Review: Breaking the Spell, Religion as a Natural Phenomenon, by Daniel Dennett

This book is tedious.  It’s tedious if you’re a theist who has considered the point of view that religion is only an evolutionary phenomenon.  It’s probably even more tedious if you’re an atheist who has already concluded that religion is a “spell” that needs to be broken.

Dennett undertakes to analyze religion from a scientistic perspective, and ends up concluding that the spell must be broken, and religion understood as a meme that has taken root in the evolution of ideas, though false.  It’s a long slog, with digressions upon digressions, and meandering courses to get to any kind of conclusion.  Would that the book itself were as concise as its title.

The book assumes its conclusion from the first word, so it doesn’t actually prove anything.  Here are some points to note, however.

Dennett employs the notion that evolution applies not just to biological features of animals, but also to ideas.  Thus, ideas survive through Darwinian natural selection.  This is a dubious proposition at best.  Memes are funny when passed around among college students for a joke.  They’re not funny when seriously considered as a vehicle for transmission of some ideas at the expense of others.  The idea of truth is fully and finally jettisoned, in this treatment.  But that’s in keeping with Dennett’s determinism generally.

Dennett gives little credence to the proposition that someone might believe in God because God is.  Despite the volume of words, Dennett only takes a glancing pass at the central question of whether God or gods as seen by various religions actually exist.  Perhaps he thinks he’s adequately covered the subject in his other books.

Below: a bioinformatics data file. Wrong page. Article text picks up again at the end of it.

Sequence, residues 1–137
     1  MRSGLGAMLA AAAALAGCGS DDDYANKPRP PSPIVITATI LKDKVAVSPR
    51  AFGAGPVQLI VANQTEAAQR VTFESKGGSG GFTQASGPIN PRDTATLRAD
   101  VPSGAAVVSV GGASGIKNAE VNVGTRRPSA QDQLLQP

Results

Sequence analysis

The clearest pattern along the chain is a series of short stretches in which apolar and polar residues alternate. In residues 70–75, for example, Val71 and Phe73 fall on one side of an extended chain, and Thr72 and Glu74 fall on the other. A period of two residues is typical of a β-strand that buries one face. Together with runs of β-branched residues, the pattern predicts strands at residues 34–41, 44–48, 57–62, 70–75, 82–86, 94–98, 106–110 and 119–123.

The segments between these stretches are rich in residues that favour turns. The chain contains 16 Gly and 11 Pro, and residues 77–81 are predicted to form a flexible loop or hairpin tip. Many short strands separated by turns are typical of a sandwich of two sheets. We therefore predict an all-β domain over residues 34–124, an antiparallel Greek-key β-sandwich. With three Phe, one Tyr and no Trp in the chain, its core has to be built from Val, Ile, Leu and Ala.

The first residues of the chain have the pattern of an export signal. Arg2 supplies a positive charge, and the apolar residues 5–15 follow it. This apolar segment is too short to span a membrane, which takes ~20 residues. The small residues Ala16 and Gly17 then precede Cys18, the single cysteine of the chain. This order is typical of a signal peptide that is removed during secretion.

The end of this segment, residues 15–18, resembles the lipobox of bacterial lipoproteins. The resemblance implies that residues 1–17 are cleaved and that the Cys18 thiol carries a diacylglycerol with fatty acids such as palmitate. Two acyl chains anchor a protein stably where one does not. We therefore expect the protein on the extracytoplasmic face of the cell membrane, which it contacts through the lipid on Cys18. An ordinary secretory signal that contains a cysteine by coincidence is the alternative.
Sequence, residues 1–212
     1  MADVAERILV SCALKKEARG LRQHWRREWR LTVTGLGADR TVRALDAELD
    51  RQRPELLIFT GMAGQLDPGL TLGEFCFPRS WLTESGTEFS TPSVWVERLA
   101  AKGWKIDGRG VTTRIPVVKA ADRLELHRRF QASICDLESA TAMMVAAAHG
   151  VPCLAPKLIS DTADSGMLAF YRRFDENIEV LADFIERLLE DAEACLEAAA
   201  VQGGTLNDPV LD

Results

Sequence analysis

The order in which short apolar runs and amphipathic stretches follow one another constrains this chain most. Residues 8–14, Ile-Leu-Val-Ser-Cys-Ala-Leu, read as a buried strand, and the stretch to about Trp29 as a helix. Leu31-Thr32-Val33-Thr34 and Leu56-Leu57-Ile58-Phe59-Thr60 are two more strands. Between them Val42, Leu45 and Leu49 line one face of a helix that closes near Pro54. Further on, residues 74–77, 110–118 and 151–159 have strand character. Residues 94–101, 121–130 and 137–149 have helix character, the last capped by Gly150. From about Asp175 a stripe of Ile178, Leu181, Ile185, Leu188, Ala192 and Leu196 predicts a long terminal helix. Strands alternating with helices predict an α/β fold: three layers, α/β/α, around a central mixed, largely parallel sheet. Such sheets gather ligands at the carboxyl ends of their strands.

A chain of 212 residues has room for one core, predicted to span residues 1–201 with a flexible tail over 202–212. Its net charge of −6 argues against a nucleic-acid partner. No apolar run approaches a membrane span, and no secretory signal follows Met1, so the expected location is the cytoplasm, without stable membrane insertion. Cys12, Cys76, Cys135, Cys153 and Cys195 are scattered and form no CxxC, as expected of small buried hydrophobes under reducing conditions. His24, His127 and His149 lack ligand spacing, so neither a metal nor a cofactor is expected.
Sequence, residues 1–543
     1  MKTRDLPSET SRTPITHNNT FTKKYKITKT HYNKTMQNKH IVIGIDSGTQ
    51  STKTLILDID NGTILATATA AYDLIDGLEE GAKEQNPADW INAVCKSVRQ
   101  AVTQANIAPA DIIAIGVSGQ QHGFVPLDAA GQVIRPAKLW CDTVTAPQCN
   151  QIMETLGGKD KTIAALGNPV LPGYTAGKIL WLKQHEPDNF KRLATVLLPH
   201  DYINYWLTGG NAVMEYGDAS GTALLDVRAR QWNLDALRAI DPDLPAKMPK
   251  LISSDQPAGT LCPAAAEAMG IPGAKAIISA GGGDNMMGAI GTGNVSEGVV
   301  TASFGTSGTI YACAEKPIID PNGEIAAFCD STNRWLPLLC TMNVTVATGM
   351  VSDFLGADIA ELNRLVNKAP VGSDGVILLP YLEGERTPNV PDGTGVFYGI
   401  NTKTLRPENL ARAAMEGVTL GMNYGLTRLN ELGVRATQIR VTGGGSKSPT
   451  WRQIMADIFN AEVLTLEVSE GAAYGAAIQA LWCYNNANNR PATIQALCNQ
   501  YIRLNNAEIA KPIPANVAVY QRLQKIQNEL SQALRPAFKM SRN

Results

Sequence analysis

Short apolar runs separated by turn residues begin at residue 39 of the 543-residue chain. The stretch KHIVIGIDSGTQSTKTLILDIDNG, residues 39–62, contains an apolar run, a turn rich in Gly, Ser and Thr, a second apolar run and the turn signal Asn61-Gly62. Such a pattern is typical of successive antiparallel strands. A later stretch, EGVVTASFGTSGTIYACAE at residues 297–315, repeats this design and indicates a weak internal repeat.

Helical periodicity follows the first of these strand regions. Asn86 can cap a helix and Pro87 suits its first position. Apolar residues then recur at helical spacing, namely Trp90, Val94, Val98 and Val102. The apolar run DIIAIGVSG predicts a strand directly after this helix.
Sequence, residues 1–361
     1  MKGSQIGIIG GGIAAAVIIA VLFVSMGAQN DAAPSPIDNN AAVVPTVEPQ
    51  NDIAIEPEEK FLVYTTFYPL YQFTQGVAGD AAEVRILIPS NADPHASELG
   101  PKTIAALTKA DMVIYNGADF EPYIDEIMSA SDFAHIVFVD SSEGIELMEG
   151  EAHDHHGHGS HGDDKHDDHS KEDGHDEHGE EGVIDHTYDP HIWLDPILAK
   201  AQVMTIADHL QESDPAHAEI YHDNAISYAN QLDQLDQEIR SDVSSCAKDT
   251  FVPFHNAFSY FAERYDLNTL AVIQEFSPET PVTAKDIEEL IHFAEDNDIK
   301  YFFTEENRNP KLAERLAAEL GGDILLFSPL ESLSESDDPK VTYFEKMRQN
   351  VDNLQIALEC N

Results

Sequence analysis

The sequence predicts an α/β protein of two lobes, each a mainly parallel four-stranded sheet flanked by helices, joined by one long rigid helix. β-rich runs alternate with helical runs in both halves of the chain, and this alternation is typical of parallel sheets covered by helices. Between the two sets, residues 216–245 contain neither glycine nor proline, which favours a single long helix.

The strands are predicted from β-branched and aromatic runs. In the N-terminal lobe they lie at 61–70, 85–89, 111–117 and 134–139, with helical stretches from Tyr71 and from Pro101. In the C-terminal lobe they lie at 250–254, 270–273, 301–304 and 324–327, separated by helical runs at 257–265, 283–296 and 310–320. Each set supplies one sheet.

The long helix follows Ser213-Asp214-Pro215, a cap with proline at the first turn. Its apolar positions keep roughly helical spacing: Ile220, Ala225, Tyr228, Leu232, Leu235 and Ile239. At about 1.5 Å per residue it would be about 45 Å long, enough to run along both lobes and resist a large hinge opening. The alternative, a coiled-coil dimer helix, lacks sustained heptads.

In this one, he mostly addresses “belief in belief,” which he sometimes uses to mean the same thing as simply “belief,” and sometimes uses to mean advancing a religious tradition even though its doctrine is known to be false.  He’s right to scorn those who engage in fraudulent religious practice.  He’s wrong, however, to suppose that there is a substantial number of churchgoers who go through the motions knowing full well that there is no God behind it all.  Dennett seems to think it unlikely that anyone could seriously believe there’s a God, therefore those who engage in religious activity must believe only in the activity, not the God for whom the activity is ostensibly undertaken.

We read that Dennett founds a group (a movement?) called “Brights,” comprised of those who reject what they consider to be superstition about the existence of the supernatural.  One feels vicarious embarrassment for this appellation, and we’ll say no more about it here.

Look elsewhere to try to understand reductionist materialism.

(See, Breaking the Spell, Religion as a Natural Phenomenon, by Daniel Dennett (Viking Penguin 2006))


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